Statement of U.S. Bishops' President on the Death of Archbishop Joseph Fiorenza, Former USCCB President
WASHINGTON – Archbishop José H. Gomez of Los Angeles and president of the U.S. Conference of Catholic Bishops issued the following statement on the passing of Archbishop Joseph Fiorenza, archbishop emeritus of Galveston-Houston, at the age of 91.
Archbishop Gomez's full statement follows:
"It was with great sadness that I learned of the passing of His Excellency, Joseph Fiorenza, the archbishop emeritus of Galveston-Houston. Archbishop Fiorenza led the bishops' conference from 1998-2001 as president, and those who worked with him have expressed that his leadership embodied his love, dedication, and tireless service to the Church. I offer my prayers and sympathy to Archbishop Fiorenza's family, friends, and the many people whose lives he touched through his ministry over the years as a priest, and then as bishop. May the Lord grant him eternal rest."
Archbishop Samuel Aquila / Denver CatholicDenver, Colo., Dec 9, 2022 / 17:00 pm (CNA).The "unmitigated tragedy" of a mass shooting at a Colorado Springs gay nightclub prompted "irresponsible" press coverage that wrongly scapegoated religious communities for their stands on sexual morality and identity, Archbishop Samuel J. Aquila of Denver has said."This type of irresponsible commentary is increasingly common," he said, summarizing the assumption as "You don't accept what I believe, therefore you are not only wrong but hateful.""Unfortunately, the reaction has thus far fostered more vitriol and division than peace and unity as the press has blamed religious communities, including the Catholic Church, to which the shooter has no apparent connection," Aquila said.His comments come in a Dec. 8 commentary for the Wall Street Journal weeks after the Nov. 19 shooting.The alleged gunman, 22-year-old Anderson Lee Aldrich, entered Club Q just before midnight on that Saturday and began s...
null / ShutterstockDenver, Colo., Dec 9, 2022 / 17:15 pm (CNA).The Biden administration may not force Catholic organizations and medical professionals to perform gender-transition surgeries or provide insurance coverage for them, the U.S. Eighth Circuit Court of Appeals has said in a Dec. 9 ruling that cited religious freedom grounds."The federal government has no business forcing doctors to violate their consciences or perform controversial procedures that could permanently harm their patients," Luke Goodrich, vice president and senior counsel at Becket legal group, said Friday. "This is a common-sense ruling that protects patients, aligns with best medical practice, and ensures doctors can follow their Hippocratic Oath to 'do no harm.'"Becket serves as legal counsel for a coalition of Catholic organizations representing hospitals, doctors, and clinics that had filed the legal challenge to the mandate issued by President Joe Biden's Department of Health and Human Services (HHS...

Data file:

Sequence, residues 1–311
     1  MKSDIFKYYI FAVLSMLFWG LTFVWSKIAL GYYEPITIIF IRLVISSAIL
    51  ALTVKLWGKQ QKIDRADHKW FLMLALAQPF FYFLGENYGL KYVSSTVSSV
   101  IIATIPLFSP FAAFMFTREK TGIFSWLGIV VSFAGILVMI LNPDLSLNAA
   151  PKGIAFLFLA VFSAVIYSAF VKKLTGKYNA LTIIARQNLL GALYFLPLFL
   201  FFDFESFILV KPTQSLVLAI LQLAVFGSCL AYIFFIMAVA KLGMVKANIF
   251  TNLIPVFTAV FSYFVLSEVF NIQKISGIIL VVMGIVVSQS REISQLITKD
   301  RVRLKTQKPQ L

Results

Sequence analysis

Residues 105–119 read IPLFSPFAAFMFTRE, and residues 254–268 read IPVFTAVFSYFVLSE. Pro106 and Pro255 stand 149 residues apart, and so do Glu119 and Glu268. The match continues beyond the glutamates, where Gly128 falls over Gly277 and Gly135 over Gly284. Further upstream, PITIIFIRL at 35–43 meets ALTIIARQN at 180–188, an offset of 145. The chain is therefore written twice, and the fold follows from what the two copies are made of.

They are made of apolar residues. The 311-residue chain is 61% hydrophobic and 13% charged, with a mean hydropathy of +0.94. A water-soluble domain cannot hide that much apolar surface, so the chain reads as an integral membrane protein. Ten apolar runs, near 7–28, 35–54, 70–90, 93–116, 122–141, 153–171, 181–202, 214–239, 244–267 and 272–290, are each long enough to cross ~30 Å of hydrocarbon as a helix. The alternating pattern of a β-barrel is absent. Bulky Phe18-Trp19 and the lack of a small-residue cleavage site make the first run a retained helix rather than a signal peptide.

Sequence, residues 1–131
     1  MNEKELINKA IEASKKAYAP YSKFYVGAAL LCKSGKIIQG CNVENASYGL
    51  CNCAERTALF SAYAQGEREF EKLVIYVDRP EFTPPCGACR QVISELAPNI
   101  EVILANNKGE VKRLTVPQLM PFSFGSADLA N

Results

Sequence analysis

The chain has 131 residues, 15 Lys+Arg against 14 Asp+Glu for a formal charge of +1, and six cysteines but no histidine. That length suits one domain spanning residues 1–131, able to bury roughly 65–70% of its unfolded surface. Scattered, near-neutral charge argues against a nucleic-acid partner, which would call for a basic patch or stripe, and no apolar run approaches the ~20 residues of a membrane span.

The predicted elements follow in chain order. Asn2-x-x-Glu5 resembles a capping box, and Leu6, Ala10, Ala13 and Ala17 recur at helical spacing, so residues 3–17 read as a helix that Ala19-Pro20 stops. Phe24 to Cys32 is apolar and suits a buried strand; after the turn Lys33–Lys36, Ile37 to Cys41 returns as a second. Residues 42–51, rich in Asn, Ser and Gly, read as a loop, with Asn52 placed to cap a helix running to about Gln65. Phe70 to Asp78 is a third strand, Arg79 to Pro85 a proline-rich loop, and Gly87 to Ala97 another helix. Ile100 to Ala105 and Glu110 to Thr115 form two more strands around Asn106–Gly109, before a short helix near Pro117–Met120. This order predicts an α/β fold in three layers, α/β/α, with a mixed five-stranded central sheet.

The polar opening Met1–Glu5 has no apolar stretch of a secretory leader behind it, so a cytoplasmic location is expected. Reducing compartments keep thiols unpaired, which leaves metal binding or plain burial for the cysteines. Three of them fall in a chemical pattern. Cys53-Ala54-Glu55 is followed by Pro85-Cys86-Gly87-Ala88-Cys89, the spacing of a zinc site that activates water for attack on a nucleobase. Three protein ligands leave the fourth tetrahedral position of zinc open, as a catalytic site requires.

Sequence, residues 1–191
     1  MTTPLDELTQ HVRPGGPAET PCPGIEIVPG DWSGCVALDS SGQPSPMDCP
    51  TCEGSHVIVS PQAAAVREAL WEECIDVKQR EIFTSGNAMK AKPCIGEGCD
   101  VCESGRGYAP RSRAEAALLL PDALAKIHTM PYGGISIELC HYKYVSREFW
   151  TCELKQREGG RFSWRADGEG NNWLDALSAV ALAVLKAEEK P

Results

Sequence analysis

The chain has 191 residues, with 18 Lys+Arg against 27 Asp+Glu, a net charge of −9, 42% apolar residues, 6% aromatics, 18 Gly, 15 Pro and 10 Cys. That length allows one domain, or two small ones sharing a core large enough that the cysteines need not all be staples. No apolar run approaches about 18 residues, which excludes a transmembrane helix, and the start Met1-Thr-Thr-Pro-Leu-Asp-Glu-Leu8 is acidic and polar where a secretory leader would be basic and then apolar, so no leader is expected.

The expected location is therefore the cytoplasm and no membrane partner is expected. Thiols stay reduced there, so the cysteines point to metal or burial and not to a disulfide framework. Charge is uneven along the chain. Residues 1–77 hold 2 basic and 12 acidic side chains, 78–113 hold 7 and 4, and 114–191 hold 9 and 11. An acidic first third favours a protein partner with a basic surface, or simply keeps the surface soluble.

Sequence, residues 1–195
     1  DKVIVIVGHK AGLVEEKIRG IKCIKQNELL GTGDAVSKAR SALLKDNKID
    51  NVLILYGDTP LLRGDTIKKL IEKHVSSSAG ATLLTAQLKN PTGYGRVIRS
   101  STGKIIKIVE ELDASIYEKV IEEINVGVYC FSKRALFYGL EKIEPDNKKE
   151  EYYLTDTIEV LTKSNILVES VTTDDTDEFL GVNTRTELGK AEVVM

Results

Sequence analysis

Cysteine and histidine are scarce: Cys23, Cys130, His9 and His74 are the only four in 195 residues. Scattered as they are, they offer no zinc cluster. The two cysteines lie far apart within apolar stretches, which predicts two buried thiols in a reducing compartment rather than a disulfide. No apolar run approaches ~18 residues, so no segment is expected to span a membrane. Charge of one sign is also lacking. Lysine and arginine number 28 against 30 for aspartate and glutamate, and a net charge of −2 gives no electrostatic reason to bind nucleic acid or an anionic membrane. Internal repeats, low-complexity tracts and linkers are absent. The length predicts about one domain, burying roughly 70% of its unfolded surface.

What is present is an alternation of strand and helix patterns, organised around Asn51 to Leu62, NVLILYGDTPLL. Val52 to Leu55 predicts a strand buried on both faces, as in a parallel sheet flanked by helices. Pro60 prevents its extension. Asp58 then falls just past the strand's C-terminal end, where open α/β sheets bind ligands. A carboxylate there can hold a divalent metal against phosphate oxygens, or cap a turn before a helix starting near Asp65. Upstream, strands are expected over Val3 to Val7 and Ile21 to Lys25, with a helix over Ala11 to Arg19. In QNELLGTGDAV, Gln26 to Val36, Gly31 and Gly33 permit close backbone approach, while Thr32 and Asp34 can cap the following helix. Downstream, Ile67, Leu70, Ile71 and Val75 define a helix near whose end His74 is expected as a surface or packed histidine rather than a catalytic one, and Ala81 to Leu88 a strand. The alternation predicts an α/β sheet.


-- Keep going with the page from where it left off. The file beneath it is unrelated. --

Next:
Indiana State Capitol. / Henryk Sadura via www.shutterstock.com.St. Louis, Mo., Dec 9, 2022 / 10:32 am (CNA).An Indiana abortion doctor, Caitlin Bernard, has voluntarily withdrawn her lawsuit against state attorney general Todd Rokita, whose office is investigating her after she publicly disclosed performing an abortion last summer on a 10-year-old Ohio child who was raped. Bernard in June performed an abortion on the girl, who traveled from Ohio to Indiana. Already known for her pro-abortion activism in Indiana, Bernard drew worldwide media attention to herself when she disclosed to the Indianapolis Star details about the abortion, though she did not name the patient. Ohio has a "heartbeat" abortion law in place, which took effect after the June 24 U.S. Supreme Court overturning of Roe v. Wade, whereas Indiana at the time allowed abortions until 22 weeks' gestation. In late November, Rokita asked the state's medical licensing board to discipl...